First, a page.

Pittsburgh Aviator Calbraith Perry Rodgers

Calbraith Perry Rodgers in 1911.
Calbraith Perry Rodgers in 1911.

A young adventurer from Pittsburgh defied odds and changed aviation forever after completing the world’s first transcontinental flight in 1911.

Calbraith Perry Rodgers Jr. was born in Pittsburgh on Jan. 12, 1879 to a family with a long history of prestigious U.S. Navy service. Rodgers was related to Commodores John Rodgers (grand-uncle), Oliver Hazard Perry (great-grand-uncle), Matthew Calbraith Perry (great-grandfather) and a cousin to John Rodgers, a Naval Aviation pioneer known for establishing the record of longest non-stop flight by seaplane of 1,992 miles on an attempt to fly from San Francisco to Honolulu in 1925.

Named after his father, an army captain who died in Wyoming Territory five months before his birth, Rodgers grew up in an affluent household in the Shadyside neighborhood of Pittsburgh with his mother Maria Chambers and grandparents. He frequently spent his summers on the Rodgers’ family estate in Havre de Grace, Md.

A childhood battle with scarlet fever left him partially deaf and ineligible for military service. Refusing to let his deafness inhibit his desire for adventure, Rodgers spent his young adulthood sailing and racing horses and cars.

In the spring of 1911, at the age of 33, Rodgers found his calling when he traveled to Dayton, Ohio, with a cousin who had been stationed there for flight training. Rodgers visited the Wright Flying School, operated by famous aviation pioneers and brothers, Orville and Wilbur Wright. There, he saw an airplane for the first time and became fascinated with the idea of flying.

Just one week after Rodgers began taking classes at the school, he requested permission to take a solo flight, but he was denied due to lack of training. Rodgers responded by purchasing his own training plane, and on June 12, 1911, he made his first solo flight. After practicing with his plane for just over a month, Rodgers passed the Federation Aeronautique Internationale’s flying examination on Aug. 7, becoming the 49th licensed aviator in the world.

Less than a week later, while participating in a Chicago air show, a promoter asked Rodgers if he would be interested in competing for the Hearst Prize. Publisher William Randolph Hearst had recently offered $50,000 to the first person who flew from coast to coast in fewer than 30 days. Rodgers accepted the challenge.

On Sept. 10, Rodgers purchased a lightweight, four-cylinder, 35-horsepower Model EX biplane from the Wright Company. When he purchased the plane, Rodgers told Orville Wright of his plan to compete for the Hearst Prize. Wright, doubting any modern plane’s ability to travel so far, questioned Rodgers’ decision. An adventurer and risk-taker, Rodgers paid no attention to Wright’s warning. He secured sponsorship for his adventure from Armour Meat-Packing Co., which was promoting its new grape soda, Vin Fiz, the namesake of Rodgers’ plane.

The Vin Fiz takes off from Sheepshead Bay in Brooklyn, New York City, on Sept. 17, 1911.
The Vin Fiz takes off from Sheepshead Bay in Brooklyn, New York City, on Sept. 17, 1911.
Vin Fiz poster, published by the Armour Meat Packing Plant of Chicago in 1912. Courtesy of the Smithsonian Institution’s National Air and Space Museum.
Vin Fiz poster, published by the Armour Meat Packing Plant of Chicago in 1912. Courtesy of the Smithsonian Institution’s National Air and Space Museum.

Seven days after purchasing his new plane and just three months after learning how to fly, Rodgers took off from Sheepshead Bay in Long Island, N.Y., on Sept. 17, 1911, poised to reach the Pacific Ocean in 30 days. A support train followed Rodgers’ flight, carrying all the parts, tools, and mechanics necessary for repairs and maintenance.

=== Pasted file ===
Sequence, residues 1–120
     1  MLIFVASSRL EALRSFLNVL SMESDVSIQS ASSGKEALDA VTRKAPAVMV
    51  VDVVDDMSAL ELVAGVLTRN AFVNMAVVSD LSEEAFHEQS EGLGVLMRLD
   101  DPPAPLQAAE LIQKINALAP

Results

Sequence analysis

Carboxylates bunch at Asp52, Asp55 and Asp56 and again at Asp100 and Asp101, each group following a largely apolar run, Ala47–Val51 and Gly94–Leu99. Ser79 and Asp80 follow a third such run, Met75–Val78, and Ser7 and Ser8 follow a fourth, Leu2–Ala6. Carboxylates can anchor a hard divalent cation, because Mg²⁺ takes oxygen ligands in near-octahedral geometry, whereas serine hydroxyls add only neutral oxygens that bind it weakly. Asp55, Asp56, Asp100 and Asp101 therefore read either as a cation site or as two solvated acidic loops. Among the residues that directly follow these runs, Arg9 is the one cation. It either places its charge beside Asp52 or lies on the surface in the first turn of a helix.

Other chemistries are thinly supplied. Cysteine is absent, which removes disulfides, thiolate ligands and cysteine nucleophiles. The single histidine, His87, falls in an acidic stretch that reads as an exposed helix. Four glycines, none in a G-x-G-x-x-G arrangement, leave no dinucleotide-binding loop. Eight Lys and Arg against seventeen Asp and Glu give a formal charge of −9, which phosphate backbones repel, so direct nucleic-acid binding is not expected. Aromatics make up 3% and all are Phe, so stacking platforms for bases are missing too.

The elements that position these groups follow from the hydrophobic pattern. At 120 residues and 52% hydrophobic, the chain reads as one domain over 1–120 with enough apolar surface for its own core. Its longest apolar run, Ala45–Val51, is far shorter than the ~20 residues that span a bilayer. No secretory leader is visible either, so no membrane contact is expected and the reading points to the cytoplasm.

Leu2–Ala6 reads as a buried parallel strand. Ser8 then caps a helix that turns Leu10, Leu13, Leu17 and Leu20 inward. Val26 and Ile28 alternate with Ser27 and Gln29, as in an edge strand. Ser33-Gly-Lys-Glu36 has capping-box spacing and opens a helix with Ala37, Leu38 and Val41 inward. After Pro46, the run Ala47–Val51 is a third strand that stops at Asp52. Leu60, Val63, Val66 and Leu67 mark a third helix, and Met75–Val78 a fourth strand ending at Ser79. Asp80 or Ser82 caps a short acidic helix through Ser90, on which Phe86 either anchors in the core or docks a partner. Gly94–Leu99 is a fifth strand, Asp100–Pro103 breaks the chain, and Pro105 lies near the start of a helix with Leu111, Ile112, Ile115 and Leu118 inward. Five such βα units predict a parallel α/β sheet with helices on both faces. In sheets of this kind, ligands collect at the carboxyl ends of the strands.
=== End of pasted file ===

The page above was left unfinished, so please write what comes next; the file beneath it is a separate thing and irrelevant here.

After first landing in Middletown, N.Y., without incident, the Vin Fiz crashed and suffered extensive damage during take-off the next day. More incidents, including two engine explosions, more than 15 crashes, and as many as 70 rough landings, significantly delayed Rodgers. In addition to the maintenance-related delays, Rodgers lacked navigation tools (he didn’t even have a compass!) and as a result, he got off-track on multiple occasions.

Rodgers and the Vin Fiz make it to the Pacific Ocean in 1911.
Rodgers and the Vin Fiz make it to the Pacific Ocean in 1911.

Without reliable weather forecasting techniques and with impaired hearing, Rodgers was unable to make informed decisions about the safest times for takeoffs and landings. By the time Rodgers reached Chicago on Oct. 8, it was clear he would not be able to complete the journey in 30 days. Rodgers, who remained determined to finish the trip anyway, became incredibly popular with the American public, as evidenced by the crowd of 20,000 waiting for him in Pasadena, Calif., when he landed there on Nov. 5, 1911.

Finally, on Dec. 10, 1911, he landed in Long Beach, Calif., and taxied his plane into the Pacific Ocean, completing the world’s first transcontinental flight. The cross-country trip took 49 days to complete, missing the prize deadline by 19 days. While the feat made Rodgers an instant national celebrity, his success was short-lived, as he was killed in a plane crash after flying into a flock of birds just a few months later at an air show in California.

Following his death, Rodgers was interred in Allegheny Cemetery in Pittsburgh. The Vin Fiz itself was later given to the Smithsonian Institution by Calbraith’s widow, Mabel Rodgers. Visitors to the Heinz History Center can see a replica of Rodgers’ Vin Fiz airplane as part of the Pittsburgh: A Tradition of Innovation exhibition.

Vin Fiz replica in Pittsburgh: A Tradition of Innovation exhibit.
Vin Fiz replica in Pittsburgh: A Tradition of Innovation exhibit.

Lauren Ball is an intern volunteer with the communications division at the Heinz History Center.

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